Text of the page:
Founded in 1867, the University of South Carolina School of Law is one of the nation’s oldest law schools.”
This was the first sentence emblazoned on many materials the law school published back when I was a student from 1978-1981, and it was still in use when I became a professor in 1986. As dean, I vowed to change that, to banish these words from being our introduction to the public. Yes, it showed that we had a rich heritage, and certainly there is something to be said for such a solid legacy. But it didn’t reflect our school today.
It didn’t convey the innovation that has been a hallmark of our academic programs; or the excellence of our faculty whose scholarship and teaching is breaking new ground and exploring solutions to some of our most complex problems; or the power of our alumni and students to effect change both in our state and on the other side of the world. In short, it didn’t fully tell our story.
In this issue, we wanted to tell more of that story, not only by reflecting on our past, but also celebrating our future.
And what a future it is. As you know, we turned 150 this year, and we began the next 150 by moving into our magnificent new home. We were honored to have Justice Samuel A. Alito of the United States Supreme Court deliver the address during the dedication ceremony, and delighted to have more than 500 attend our 150th celebration that same evening.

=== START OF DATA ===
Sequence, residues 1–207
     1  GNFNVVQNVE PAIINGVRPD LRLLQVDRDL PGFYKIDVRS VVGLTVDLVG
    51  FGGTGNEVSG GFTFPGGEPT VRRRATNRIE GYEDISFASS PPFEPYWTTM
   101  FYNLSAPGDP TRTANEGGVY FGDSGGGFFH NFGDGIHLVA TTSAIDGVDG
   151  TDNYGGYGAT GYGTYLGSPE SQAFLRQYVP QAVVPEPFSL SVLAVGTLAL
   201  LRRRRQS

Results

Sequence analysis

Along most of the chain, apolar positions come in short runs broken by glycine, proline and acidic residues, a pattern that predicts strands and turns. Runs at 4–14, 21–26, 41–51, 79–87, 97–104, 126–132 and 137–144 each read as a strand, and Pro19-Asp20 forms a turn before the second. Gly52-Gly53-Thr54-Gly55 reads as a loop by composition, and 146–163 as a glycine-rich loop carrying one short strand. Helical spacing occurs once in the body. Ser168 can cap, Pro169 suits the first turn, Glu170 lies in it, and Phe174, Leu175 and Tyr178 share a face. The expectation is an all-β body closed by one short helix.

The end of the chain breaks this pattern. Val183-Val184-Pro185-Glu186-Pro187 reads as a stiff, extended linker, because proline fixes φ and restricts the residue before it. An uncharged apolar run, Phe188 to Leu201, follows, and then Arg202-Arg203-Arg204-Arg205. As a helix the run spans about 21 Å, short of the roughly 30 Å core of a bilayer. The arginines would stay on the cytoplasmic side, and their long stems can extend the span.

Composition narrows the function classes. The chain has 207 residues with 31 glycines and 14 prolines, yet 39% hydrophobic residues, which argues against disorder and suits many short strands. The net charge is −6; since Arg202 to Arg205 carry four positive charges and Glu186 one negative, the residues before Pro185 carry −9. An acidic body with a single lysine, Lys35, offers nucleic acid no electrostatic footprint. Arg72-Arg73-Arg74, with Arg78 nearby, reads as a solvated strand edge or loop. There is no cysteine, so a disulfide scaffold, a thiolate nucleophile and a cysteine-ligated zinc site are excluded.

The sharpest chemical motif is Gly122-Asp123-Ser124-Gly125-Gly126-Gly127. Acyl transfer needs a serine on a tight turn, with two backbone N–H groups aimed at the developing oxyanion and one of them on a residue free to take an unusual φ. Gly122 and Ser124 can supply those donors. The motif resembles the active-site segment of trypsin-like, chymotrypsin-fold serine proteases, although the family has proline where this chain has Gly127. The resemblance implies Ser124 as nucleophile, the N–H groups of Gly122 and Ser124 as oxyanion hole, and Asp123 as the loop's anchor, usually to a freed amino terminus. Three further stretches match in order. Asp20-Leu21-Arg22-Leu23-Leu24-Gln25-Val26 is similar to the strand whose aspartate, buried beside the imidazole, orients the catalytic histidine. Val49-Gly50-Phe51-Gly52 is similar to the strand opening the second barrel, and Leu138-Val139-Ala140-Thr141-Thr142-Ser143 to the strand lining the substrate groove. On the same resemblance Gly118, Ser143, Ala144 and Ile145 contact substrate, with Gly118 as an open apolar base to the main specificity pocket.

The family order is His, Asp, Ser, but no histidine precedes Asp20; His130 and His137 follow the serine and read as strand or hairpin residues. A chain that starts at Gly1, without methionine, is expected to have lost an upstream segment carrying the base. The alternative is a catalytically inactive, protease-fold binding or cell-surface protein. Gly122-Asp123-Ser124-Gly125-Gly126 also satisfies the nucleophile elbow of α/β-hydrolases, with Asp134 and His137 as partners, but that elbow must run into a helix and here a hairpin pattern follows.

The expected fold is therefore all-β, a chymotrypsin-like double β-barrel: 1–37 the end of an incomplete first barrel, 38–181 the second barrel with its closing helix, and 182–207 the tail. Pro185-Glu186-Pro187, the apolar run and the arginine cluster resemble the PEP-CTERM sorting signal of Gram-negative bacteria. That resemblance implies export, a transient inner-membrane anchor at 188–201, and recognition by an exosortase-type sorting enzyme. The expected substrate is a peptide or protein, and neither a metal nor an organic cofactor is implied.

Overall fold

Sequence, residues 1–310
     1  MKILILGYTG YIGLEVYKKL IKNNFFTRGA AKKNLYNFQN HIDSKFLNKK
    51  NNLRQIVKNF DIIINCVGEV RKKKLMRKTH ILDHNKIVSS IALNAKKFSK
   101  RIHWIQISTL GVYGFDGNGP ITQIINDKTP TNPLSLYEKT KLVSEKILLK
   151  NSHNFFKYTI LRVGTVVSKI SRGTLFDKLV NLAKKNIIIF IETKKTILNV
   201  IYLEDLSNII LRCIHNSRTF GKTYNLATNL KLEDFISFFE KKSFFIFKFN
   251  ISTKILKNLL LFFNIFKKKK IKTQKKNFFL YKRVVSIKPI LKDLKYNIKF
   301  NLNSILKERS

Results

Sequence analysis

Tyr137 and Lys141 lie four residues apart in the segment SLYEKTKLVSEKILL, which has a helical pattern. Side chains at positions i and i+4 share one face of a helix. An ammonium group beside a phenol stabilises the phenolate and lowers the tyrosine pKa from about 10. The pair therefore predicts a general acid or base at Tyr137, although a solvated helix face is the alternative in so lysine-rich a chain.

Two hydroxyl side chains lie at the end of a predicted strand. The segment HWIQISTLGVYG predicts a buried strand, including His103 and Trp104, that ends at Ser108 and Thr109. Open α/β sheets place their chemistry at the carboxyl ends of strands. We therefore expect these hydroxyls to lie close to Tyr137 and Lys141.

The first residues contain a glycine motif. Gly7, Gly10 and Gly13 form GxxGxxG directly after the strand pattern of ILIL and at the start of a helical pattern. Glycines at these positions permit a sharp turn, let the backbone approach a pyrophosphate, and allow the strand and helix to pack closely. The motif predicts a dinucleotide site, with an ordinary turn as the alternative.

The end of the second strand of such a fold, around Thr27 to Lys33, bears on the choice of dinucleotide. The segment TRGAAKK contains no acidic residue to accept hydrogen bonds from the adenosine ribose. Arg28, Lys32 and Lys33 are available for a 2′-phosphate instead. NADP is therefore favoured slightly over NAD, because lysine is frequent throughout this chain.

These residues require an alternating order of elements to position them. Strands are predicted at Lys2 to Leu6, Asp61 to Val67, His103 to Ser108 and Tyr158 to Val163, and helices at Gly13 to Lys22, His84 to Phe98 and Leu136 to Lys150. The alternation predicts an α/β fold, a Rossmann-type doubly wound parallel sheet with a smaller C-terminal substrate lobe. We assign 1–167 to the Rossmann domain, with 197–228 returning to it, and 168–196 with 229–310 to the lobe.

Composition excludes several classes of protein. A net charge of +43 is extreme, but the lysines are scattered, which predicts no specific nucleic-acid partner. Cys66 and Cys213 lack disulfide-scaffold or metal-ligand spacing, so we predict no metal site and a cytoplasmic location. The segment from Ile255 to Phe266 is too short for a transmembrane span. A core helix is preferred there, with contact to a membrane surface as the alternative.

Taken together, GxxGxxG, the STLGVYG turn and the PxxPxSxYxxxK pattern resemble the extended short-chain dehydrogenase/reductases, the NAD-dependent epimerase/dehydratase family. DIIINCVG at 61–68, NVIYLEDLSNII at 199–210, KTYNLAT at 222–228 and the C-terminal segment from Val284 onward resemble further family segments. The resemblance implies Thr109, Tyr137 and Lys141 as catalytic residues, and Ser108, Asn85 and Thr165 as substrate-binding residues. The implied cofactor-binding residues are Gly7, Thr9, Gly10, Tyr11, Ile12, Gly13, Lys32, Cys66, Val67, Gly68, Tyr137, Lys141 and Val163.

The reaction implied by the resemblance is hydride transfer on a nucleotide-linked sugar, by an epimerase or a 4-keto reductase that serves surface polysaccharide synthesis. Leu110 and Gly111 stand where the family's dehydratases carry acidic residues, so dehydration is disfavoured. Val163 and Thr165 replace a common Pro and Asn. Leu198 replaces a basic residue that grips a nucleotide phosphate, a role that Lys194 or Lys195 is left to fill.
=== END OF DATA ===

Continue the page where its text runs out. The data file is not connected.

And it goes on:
As we put together our sesquicentennial story, it was certainly amazing to see how far we’ve come, and even more so to realize how often this law school has been a national leader in legal education.
That tradition continues today with an emphasis on experiential learning for our students, including new domestic violence and medicolegal partnership clinics. We’re proud to expand our clinical offerings, especially in two such vital areas of importance—areas that exemplify our mission of serving the needs of this state, and improving the lives of its citizens.
Our focus on service is truly a part of the culture of today’s law school. More importantly, however, it stays with our students even after they have graduated. We highlight in this issue stories of students and alumni who have traveled abroad to improve the lives of others, from helping refugees in Australia to assisting with indigenous land right issues in Cambodia.
And finally, you’ll meet our newest faculty members, including Clint Wallace, who has ties to this school that go back over a century. We were fortunate to interview him with his grandmother, Sarah McCrory ’44, before she passed away in October
This year, more than any other, I have been reminded how special our school is. And I know that we wouldn’t be where we are today without you, our alumni. Thank you. We’re glad you are part of our story.